New Analysis Identifies Gaps in Global Readiness to Fight a Pandemic
NEW YORK – April 16, 2018 – A first-of-its-kind analysis published by EcoHealth Alliance, a nonprofit working at the intersection of animal, environmental, and human health on a global scale, finds significant gaps in the global community’s readiness to prevent, fight, and recover from catastrophic public health events such as pandemics. The first end-to-end review of what is needed in order to better ensure global public health security, and mapped to global efforts to meet those needs, EcoHealth Alliance unveiled Building Resilience to Biothreats at an event featuring U.S. Department of Health and Human Services Assistant Secretary for Preparedness and Response Dr. Robert Kadlec earlier this month. The report is now available to the public.
“The Ebola outbreak in West Africa took the world by surprise,” EcoHealth Alliance Executive Vice President for Health and Policy and co-author Dr. William Karesh said. “But it also showed us firsthand how quickly disease outbreaks can go from regional events to global problems. We have to work together as a global community to neutralize these threats.”
Building Resilience to Biothreats categorizes biodefense activity into four pillars: prevent, detect, respond, and recover. It finds that two in particular–prevent and recover–are massively overlooked. The prevention pillar includes systems, policies, and procedures which serve to determine, assess, avoid, mitigate, and reduce threats by reducing vulnerability and exposure. Recover seeks to restore and strengthen normal operations following outbreaks. The report also finds that multisectoral participation–especially with respect to the defense and environmental communities–is not yet a reality. These vulnerabilities place the entire enterprise at risk.
The report also suggests solutions for covering these gaps.
“An increasingly small world–where a person, or pathogen, can travel nearly anywhere in a day–requires increasingly global solutions,” EcoHealth Alliance Senior Health and Policy Specialist Dr. Ellen Carlin said. Dr. Carlin is also one of five co-authors of the report. “Our suggestions aim to engage stakeholders from multiple sectors in order to combine strengths, rather than silo them.”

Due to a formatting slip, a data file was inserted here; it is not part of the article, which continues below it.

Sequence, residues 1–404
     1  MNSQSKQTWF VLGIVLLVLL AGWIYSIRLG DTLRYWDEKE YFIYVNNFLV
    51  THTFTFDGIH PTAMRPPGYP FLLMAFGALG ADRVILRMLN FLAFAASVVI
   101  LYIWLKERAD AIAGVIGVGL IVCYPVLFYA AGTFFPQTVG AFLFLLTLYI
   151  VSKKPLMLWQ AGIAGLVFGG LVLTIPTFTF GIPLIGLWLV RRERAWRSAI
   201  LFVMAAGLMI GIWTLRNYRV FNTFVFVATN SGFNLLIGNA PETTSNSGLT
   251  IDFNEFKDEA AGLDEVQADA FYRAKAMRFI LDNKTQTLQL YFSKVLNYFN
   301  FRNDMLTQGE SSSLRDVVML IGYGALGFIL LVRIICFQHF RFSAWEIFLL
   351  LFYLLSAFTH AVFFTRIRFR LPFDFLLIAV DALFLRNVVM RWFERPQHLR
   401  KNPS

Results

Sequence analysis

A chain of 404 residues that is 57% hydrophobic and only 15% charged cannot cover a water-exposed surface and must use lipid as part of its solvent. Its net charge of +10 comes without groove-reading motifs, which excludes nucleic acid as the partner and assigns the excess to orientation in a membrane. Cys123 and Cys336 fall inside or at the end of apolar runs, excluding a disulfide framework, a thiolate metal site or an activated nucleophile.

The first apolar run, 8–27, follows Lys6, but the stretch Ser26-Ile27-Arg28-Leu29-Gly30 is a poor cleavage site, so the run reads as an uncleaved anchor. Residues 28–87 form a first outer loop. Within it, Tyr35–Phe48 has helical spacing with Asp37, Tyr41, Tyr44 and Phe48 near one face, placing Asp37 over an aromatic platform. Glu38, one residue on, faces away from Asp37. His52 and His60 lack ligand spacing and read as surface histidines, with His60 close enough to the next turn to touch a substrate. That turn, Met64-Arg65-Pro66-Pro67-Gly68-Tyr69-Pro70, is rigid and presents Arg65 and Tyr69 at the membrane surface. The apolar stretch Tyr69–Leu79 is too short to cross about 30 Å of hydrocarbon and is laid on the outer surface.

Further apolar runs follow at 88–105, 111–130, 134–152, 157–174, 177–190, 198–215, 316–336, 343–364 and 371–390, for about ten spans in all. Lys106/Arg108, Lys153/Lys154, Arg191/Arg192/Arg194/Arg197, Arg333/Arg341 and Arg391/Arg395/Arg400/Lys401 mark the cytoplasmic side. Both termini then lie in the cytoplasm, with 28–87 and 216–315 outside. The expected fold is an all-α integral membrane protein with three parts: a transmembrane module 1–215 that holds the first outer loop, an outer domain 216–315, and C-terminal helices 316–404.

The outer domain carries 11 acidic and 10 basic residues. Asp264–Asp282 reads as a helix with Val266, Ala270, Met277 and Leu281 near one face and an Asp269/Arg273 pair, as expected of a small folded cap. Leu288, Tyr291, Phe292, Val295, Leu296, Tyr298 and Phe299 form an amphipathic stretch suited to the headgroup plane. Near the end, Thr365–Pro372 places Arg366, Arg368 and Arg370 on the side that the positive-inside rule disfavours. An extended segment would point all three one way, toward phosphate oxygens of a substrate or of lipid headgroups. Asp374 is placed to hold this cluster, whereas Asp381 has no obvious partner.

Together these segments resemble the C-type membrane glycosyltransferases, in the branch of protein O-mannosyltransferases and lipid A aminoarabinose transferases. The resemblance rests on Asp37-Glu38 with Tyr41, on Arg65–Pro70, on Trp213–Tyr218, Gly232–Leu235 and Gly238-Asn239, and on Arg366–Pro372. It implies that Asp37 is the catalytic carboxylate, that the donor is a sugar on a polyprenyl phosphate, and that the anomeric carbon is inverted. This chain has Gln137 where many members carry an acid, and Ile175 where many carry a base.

More than 1 billion people are infected each year with an infectious disease. In addition to their human toll, outbreaks can have significant and lasting impacts on the global economy. It’s estimated that SARS–the first pandemic of the 21st century–cost as much as $55 billion.
About EcoHealth Alliance:
Building on 45 years of groundbreaking science, EcoHealth Alliance is the premier nonprofit organization committed to a One Health approach to track the migration of deadly viruses from animals into humans. EcoHealth Alliance research has led to major breakthroughs on the origins and spread of new and emerging diseases like Ebola, SARS, MERS, and Nipah virus. EcoHealth Alliance works globally in hotspot regions where the threat of outbreaks is highest. Through innovations in research, training, capacity building, and policy initiatives, we develop tools and interventions to prevent pandemics and promote conservation.
Press contact: Robert Kessler, (646) 868-4711 or email@example.com.